What I quickly found when I got back to the front of the barn was I didn’t care. This car still had life and it is my responsibility as a man to make her come back. Flush the engine and radiator, rebuild the carb, run a fuel line to a milk jug add a fresh battery and turn that baby over. Blown exhaust gasket, leeks everywhere but she is alive. Now the adventure starts one bolt at a time. Keep a look out for the next update to see how this story grows with each new article.

Will My Vehicle Warranty Still Be Valid If I Ship My Car Abroad?

If you are planning to ship your car overseas in areas that have facilities to provide automotive services, your car’s vehicle warranty issued by your car manufacturer and/or dealer in the United States may not be valid overseas. You should look into buying an extended auto warranty often called an international vehicle warranty before shipping your car overseas. Your automobile manufacturer or dealer can be contacted before you ship your car overseas to find a suitable extended vehicle warranty or an international car warranty.

Shipping your car abroad and hoping to use your U.S. auto manufacturer’s car warranty abroad would not be a wise course of action. Neither would be waiting until your car is abroad before finding an international warranty to buy overseas. You can locate an extended warranty seller online very easily and very economically. Of course, your car warranty should be valid in the United States or else you might want a more expensive vehicle warranty.

Vehicle warranties in the United States and abroad are time oriented. If your auto warranty has expired, you should buy an extended warranty to cover your costs in maintaining your auto before you buy an international vehicle warranty. There are some online sellers of international auto warranties that are very inexpensive. There might be a reason for the low cost of international vehicle warranties. Your best course to insure your overseas experience with your auto is to contact your car’s manufacturer either directly or through your auto dealer and get more detailed information.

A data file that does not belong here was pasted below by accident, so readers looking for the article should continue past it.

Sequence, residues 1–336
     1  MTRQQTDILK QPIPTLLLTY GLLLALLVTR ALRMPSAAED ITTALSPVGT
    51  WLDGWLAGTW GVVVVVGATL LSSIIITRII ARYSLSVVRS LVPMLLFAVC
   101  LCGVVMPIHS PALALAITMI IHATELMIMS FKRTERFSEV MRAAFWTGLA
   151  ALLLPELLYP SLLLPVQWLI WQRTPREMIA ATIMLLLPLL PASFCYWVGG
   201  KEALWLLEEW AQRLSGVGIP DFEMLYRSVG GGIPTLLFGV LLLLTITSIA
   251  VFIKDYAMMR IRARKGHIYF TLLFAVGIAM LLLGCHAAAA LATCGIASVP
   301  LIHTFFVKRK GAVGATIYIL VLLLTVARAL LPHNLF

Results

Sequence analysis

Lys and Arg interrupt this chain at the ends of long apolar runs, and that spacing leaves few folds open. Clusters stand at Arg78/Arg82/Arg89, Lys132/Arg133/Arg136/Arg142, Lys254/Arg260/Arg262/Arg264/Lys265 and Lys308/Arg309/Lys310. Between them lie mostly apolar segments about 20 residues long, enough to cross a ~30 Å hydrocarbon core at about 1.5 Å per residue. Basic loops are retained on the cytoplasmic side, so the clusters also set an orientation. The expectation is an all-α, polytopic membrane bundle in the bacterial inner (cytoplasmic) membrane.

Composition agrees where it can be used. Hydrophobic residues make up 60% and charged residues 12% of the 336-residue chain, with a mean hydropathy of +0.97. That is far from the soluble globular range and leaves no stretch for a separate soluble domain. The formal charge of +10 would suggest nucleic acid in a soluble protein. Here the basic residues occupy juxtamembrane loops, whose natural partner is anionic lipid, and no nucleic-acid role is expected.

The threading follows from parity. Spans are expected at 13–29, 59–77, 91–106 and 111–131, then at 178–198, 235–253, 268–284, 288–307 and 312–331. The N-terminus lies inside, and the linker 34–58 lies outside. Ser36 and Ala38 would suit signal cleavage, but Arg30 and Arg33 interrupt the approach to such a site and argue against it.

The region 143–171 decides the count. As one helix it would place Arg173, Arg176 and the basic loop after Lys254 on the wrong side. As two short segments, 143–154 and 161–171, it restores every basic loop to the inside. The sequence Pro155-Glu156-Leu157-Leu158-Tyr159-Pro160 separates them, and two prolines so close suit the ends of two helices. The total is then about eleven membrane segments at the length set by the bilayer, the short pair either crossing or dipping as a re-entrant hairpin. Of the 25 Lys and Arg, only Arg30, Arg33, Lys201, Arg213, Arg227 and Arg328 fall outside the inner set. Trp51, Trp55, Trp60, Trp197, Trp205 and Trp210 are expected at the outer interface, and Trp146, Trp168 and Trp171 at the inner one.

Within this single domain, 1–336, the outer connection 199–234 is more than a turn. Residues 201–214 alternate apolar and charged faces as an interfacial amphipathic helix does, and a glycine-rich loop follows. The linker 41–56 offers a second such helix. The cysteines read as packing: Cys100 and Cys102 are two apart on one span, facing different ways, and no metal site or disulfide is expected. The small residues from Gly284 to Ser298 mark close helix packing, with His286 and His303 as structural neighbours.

Another point to remember is that your automobile warranty in the United States covers your car repairs, usually, only if a manufacturer approved mechanic or garage does the repairs. In many instances, if you use an unauthorized car repair garage, your warranty won’t be valid even here in the United States. Before spending more money on an international vehicle warranty, you might ask whether there are authorized mechanical service areas in the country where you will be shipping your car.

But, if your question is simply will your warranty be valid if you ship your car overseas, the answer is not if you repair your car overseas at an unauthorized dealer or repair shop. There are many expenses involved in shipping a car overseas. One of them is getting an international vehicle warranty. The reason why so many people choose to ship their car overseas is because the cost of buying a car overseas is astounding when compared to the cost of buying a car in the United States. Even with shipping costs and additional auto warranties, it is cheaper to buy a car in the United States than overseas.